Girl reading book in bed

Allow me to dispel a myth for you: reading fiction is not a waste of time.

There is an everpresent anxiety about reading for adults, especially for people in their 20’s. Which book to read next? How much time to dedicate to reading? It seems like everyone is either anxious to be reading the most relevant career-boosting content, or wishing they would take more time to read in the first place. Non-academically-obligated fiction reading is inevitably lost in the shuffle— after all, shouldn’t you be doing something productive? As thousands of nonfiction books promise to improve time management, negotiation skills, memory, wellness, and a myriad of other things, it seems a twenty-something has no better use of their time than to read the latest edition of “how to change your life in 250 pages.”

No, don’t be fooled. If you enjoy reading fiction, do it. Even if you don’t read much and never seem to finish a book, still do it. There are many reasons to read fiction, including boosting creativity and memory, strengthening problem-solving skills, and achieving quicker and deeper sleep. However, I have chosen just three of the many scientifically proven reasons to read fiction and elaborated on them below.

1.) Improve vocabulary and communication skills

Not just any vocabulary, either — vocabulary that helps you connect with people. One study done by Emory University found that the brains of readers showed more activity in certain areas than nonreaders. The most notable difference was the left temporal cortex, the part of the brain used to process semantics of speech and understand the meaning of language. Fiction readers showed significantly more activity in the left temporal cortex than nonfiction readers.

Another study from 2018 found that even reading just one fiction book can lead to a small but statistically significant increase in social cognitive performance. This means people who read fiction are better at understanding and reacting to the language they hear.

Further, the vocabulary for avid fiction readers has shown to be thousands of words larger than people who don’t read fiction or only read it on occasion. The website testyourvocab.com analyzed millions of vocabulary tests and created the following graph to illustrate the results. Overall, the more people read fiction, the larger their vocabulary.

Results of the testyourvocab.com vocabulary vs. fiction reading analysis

2.) Heighten emotional intelligence

Reading about the lives of other people (even non-existent people) helps us empathize with others in the real world. A study by the European Journal of Communication Research carefully ruled out the role of personality and found that readers of fiction have better abilities of empathy and theory of mind. Exposure to fiction also showed an increase in social support.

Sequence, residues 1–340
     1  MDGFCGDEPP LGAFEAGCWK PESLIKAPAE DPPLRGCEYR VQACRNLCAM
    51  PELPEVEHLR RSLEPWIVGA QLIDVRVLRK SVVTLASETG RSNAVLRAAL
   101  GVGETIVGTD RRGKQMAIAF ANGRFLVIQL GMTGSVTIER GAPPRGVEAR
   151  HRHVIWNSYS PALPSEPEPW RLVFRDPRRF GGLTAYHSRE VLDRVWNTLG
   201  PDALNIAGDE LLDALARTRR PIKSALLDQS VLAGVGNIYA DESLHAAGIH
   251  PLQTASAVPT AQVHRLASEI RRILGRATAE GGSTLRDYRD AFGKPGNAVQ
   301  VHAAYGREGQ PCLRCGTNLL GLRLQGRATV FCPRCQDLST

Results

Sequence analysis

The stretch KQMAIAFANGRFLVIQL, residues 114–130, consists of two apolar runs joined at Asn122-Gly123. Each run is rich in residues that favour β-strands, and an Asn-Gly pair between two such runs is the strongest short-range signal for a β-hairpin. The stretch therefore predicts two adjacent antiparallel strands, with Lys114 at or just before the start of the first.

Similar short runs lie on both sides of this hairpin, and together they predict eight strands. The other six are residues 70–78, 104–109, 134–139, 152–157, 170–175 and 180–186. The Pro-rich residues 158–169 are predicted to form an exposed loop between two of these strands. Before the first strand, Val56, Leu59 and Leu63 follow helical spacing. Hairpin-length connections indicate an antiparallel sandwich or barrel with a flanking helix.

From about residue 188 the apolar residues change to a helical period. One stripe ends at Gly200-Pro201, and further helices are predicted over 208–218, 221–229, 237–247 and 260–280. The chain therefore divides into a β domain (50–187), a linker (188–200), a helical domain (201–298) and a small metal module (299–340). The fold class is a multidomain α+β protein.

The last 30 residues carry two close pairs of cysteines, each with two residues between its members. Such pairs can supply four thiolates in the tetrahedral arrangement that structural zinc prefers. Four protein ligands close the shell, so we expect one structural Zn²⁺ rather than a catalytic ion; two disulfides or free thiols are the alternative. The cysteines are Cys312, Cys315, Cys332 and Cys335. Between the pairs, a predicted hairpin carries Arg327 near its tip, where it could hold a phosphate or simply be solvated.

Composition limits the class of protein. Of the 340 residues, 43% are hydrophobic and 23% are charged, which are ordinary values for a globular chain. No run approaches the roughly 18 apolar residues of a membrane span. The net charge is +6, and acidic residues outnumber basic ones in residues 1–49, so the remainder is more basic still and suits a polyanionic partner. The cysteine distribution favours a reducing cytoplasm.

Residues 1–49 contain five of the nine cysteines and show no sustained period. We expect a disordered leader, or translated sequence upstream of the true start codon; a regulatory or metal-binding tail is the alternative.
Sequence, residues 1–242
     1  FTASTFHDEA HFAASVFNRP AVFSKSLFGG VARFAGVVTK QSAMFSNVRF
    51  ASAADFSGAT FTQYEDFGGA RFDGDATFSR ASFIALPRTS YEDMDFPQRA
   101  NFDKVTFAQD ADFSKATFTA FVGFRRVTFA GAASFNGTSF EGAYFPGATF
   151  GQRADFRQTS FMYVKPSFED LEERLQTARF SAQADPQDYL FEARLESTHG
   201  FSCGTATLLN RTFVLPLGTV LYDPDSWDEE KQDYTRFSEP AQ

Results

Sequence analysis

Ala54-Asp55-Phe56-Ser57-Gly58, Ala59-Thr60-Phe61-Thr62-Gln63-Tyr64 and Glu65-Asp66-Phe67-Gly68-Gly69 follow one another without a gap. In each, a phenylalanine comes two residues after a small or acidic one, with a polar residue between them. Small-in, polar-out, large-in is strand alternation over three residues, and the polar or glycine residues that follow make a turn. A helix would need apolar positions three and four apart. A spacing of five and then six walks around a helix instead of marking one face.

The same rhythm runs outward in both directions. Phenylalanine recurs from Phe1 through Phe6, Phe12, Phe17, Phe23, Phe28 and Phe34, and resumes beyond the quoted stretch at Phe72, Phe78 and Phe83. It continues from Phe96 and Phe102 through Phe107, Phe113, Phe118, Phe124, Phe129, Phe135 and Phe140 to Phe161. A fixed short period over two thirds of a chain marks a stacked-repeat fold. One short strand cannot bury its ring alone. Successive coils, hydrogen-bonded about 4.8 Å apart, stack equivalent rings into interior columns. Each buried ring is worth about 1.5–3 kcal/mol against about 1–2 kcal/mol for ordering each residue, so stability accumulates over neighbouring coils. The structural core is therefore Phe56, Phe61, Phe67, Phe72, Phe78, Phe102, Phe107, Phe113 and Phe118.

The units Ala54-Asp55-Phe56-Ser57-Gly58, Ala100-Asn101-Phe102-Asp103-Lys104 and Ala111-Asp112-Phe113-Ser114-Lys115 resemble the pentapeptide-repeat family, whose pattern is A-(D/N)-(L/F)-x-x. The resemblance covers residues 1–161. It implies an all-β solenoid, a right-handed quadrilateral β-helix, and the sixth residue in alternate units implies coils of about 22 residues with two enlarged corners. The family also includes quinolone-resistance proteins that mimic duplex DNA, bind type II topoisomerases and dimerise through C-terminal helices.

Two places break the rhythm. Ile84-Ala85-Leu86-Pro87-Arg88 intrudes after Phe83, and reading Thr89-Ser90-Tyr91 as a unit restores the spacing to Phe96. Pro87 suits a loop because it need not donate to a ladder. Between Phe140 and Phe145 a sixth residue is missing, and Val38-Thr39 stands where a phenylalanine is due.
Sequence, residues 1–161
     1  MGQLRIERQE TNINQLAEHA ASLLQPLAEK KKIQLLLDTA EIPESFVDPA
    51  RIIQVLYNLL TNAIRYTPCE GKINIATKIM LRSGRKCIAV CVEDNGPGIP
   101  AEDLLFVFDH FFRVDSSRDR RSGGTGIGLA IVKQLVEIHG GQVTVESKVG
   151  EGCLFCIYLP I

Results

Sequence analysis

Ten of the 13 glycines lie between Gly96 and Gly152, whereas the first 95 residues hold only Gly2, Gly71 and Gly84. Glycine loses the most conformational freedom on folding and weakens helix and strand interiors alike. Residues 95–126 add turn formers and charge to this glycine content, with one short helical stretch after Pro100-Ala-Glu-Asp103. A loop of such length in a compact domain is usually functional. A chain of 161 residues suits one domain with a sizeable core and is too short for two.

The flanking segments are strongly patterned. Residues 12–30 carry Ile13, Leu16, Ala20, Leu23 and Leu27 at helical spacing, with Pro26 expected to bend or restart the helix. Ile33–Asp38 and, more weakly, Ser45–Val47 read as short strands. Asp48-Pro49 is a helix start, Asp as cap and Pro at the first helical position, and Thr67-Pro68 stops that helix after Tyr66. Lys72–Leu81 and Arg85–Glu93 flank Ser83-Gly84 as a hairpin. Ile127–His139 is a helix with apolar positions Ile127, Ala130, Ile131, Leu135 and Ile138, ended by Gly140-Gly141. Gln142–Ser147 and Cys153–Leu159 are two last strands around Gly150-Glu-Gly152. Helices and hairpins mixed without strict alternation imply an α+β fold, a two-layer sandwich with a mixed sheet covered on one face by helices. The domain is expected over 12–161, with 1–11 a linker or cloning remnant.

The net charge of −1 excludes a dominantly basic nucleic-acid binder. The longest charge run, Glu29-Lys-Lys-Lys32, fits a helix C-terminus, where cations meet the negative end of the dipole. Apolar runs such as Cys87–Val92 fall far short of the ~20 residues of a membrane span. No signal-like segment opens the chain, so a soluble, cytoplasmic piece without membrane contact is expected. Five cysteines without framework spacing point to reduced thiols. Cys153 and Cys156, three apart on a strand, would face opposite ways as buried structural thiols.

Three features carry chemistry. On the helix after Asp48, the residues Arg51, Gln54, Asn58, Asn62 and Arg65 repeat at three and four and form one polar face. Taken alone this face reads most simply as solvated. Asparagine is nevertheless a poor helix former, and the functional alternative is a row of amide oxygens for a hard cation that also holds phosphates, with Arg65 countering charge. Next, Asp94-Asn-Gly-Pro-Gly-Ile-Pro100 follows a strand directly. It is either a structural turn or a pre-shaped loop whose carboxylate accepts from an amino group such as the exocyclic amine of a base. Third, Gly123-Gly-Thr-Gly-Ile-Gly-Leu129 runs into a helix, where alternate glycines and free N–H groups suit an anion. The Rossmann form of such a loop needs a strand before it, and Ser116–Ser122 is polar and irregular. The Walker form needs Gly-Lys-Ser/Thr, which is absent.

Other studies have backed up these results with similar findings. People who are “emotionally transported” into the world of a fiction book are especially likely to see increases in empathy. Even just imagining or telling fiction stories increases activity in the brain in regions responsible for understanding others and seeing different perspectives.

3.) Reduce stress

This probably comes as no surprise: reading fiction helps people relax and de-stress, especially through disengagement. Everyone requires periods of disengagement— times when the stressors and problems of life are temporarily forgotten. This allows people to rest their cognitive abilities and rejuvenate to peak functionality. Diving into a fiction story is an easy, effective way to disengage and improve health, and there are studies to prove it.

Research from the University of Sussex found that reading is the most effective way to decrease stress. It worked better and faster than other methods including drinking tea, going for walks, or listening to music. After just 6 minutes of silent reading, participants had slower heart rates and ease in muscle tension up to 68 percent.

stress infro graphic
Stress reduction infographic courtesy of https://open.buffer.com/reading-fiction/

Unrelenting stress is heavily linked to coronary heart disease, anxiety, depression, and lower overall life satisfaction. Finding healthy ways to disengage and manage stressors is vital to a healthy life, and reading is one of the cheaper and easier methods available.

So do yourself a favor and trade the self-help books for an immersive story once in a while. Your mind and body will thank you.